The rejection, Jesus says, will be at the hands of the elders, chief priests and teachers of the law. These were the three groups who together made up the Sanhedrin. In other words, Jesus is to be officially condemned. But that means the Romans will have to be involved, for only the Romans could give the death sentence in Jerusalem. So there is quite a bit of detail in this prophecy. It doesn’t cover every facet of his crucifixion, but it gets the high points and it gets them right: suffer, be rejected, be killed. Isaiah 53 says “But he was pierced for our transgressions, he was crushed for our iniquities; the punishment that brought us peace was upon him, and by his wounds we are healed.” We said last week that as Messiah, Jesus was more than a prophet, but not less. If the test of a prophet is his prophetic accuracy, Jesus, passes with flying colors. Most astounding is his prediction of his resurrection: on the third day - or after three days - he will be raised to life. The distinction between ‘on the third day’ or ‘after three days’ is not really significant in the Greek. But do notice who does the raising. This verb is almost always passive in the New Testament. It implies that God does it for Jesus. And as evidence that this is eye-witnesses testimony, not recorded speech, Mark uses a different verb than the other two, and an active rather than passive form, though it still means rise again.

        Last week we asked the question “Who is Jesus?”. We answered that he is the Christ, the Son of the Living God who came to die for our sins and be raised to life. But how can we be sure of such things? One way is to judge the accuracy of Christ’s words. Who else in the history of the world had this kind of detailed knowledge of his death, let alone the conviction that he would be raised to life? And who else in the history of the world ever got it right? That’s the astounding thing. You really need to back off and pretend Jesus is your next door neighbor, or your friend here at church: “Oh, I’m going to be killed, but it’s okay, I’m going to rise again the third day.” Your immediate reaction would be ‘Yeah, right.’ That doesn’t happen - the only one we’ve ever heard of who could make something like this happen is God himself. I think this prediction, repeated about ten times in the Gospels, is reason for us to be astounded and convinced that this Jesus really was the Christ of God.

II. Peter Stands in the Way (Matt 16:22-23, Mark 8:32-33)

        But it’s only sufficiently astounding if we recognize just how lunatic it is. Here again our friend Peter comes to our aid. Matthew 16:22-23 Peter took him aside and began to rebuke him. "Never, Lord!" he said. "This shall never happen to you!" 23Jesus turned and said to Peter, "Get behind me, Satan! You are a stumbling block to me; you do not have in mind the things of God, but the things of men." Mark 8:32-33 He spoke plainly about this, and Peter took him aside and began to rebuke him. 33But when Jesus turned and looked at his disciples, he rebuked Peter. "Get behind me, Satan!" he said. "You do not have in mind the things of God, but the things of men." This part of the episode is not reported in Luke’s account.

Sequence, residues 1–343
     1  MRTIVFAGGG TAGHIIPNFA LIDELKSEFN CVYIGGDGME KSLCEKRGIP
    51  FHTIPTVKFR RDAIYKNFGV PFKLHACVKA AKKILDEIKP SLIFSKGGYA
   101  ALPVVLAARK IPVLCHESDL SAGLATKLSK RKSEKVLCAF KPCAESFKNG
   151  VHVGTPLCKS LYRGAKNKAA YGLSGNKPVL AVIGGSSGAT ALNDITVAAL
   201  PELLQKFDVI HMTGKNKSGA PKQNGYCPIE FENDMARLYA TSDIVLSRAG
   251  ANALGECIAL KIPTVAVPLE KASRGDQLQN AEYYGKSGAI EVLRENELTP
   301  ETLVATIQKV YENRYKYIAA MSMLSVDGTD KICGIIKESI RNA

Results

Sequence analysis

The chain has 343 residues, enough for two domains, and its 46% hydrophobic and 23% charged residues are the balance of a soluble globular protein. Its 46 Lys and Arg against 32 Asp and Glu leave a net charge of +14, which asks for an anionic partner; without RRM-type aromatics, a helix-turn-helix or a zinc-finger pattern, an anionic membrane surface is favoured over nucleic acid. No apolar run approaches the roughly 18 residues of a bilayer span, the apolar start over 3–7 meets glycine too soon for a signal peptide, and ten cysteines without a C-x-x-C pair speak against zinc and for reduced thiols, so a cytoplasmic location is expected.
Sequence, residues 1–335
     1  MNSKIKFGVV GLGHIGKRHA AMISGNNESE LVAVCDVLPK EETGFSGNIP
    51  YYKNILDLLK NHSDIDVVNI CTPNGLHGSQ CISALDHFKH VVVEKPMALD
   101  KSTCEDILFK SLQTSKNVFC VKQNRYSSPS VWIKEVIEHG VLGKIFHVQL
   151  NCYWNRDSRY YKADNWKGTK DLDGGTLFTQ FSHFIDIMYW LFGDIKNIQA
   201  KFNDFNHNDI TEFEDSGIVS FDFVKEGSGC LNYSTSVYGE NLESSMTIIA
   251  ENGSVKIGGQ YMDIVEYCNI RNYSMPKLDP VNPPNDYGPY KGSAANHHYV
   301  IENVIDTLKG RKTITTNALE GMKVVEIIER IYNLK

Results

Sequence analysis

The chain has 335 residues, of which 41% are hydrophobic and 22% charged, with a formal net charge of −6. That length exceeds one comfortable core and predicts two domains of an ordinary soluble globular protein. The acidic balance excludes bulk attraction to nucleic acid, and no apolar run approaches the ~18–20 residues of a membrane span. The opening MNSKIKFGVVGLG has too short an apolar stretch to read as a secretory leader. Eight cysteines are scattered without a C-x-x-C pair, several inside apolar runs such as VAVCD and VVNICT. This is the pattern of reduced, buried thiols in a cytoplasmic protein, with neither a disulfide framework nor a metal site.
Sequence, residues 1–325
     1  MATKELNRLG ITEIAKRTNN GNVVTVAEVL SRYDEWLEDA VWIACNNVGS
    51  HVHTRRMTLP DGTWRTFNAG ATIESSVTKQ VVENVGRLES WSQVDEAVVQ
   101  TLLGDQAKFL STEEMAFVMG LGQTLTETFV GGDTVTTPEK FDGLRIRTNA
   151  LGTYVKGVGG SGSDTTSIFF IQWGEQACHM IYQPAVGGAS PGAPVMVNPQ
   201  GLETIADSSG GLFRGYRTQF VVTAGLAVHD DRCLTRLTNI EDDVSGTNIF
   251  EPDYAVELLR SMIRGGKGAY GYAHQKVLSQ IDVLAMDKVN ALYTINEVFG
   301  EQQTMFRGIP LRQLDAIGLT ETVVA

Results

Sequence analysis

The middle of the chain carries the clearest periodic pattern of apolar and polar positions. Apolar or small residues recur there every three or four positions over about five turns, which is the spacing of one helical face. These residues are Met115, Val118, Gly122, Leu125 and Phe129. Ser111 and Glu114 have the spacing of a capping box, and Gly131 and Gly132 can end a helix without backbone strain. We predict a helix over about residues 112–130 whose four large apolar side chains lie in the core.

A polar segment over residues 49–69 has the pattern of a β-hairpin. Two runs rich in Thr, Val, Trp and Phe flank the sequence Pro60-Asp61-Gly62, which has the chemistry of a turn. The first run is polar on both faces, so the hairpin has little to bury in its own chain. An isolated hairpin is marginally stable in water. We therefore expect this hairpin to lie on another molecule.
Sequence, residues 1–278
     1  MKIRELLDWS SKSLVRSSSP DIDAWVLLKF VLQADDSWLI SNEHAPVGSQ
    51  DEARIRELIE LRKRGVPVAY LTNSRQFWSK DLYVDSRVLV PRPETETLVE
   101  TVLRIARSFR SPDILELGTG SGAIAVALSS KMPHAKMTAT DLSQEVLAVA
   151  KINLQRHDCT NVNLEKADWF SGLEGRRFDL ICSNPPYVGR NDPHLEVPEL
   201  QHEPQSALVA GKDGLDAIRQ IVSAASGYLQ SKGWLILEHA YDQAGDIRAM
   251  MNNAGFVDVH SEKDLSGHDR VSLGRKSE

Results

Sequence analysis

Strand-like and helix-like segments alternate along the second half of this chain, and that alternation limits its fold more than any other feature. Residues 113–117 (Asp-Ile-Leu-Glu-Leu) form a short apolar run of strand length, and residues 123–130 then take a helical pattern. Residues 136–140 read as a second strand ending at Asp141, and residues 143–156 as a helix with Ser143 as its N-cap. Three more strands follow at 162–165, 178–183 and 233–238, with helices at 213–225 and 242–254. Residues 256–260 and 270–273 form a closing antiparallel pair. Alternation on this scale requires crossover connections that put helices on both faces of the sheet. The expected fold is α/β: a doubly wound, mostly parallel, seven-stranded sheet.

Mark reminds us that this is the first time Jesus has spoken clearly about such things, and it was apparently clear enough that Peter had no trouble understanding some of what he meant. So astounded is Peter by the idea of his Jesus, his Messiah suffering and being rejected to the point of death that he rebukes Jesus. The word is the same used by Jesus when he rebukes the demons in the Gospels, and in fact the same word will be used in a moment when Jesus rebukes Peter. It means a stern warning. But to translate the Matthew 16:22 as ‘never, Lord’ or ‘God forbid’ is probably too negative. The Greek is more literally ‘God’s mercy’ and probably means ‘May God be gracious to you and spare you this fate’. Peter cannot grasp that such a disaster could be God’s purpose, and his very human thinking is to find a way to avert it.

        But Jesus turns and looks at him in such a way as to take in the other disciples, and he in turn rebukes Peter. The rebuke as given in Matthew starkly contrasts with the blessing Jesus pronounced previously: "Get behind me, Satan! You are a stumbling block to me; you do not have in mind the things of God, but the things of men."

        Peter’s previous statement, ‘You are the Christ’, Jesus said, was revealed to him by God; this one was from Satan - Peter himself is cast in Satan’s role, he’s acting on behalf of the tempter: ‘Oh Jesus, this doesn’t need to happen; why don’t you do something else?’ Sounds like temptation, doesn’t it? Furthermore the last time Peter spoke Jesus commended him as a rock to build on. Now he is a rock to stumble over. And the reason is simple - he is looking at things from man’s point of view and not God’s. From God’s point of view Jesus must suffer, must be rejected, must die that death, must be raised. This is the plan of the ages, even if it’s not a plan easily grasped by the minds of men. As Bonhoeffer wrote “Suffering and rejection sum up the whole cross of Jesus. To die on the cross means to die despised and rejected of men. Suffering and rejection are laid upon Jesus as a divine necessity, and every attempt to prevent it is the work of the devil, especially when it comes from his own disciples; for it is in fact an attempt to prevent Christ from being Christ.”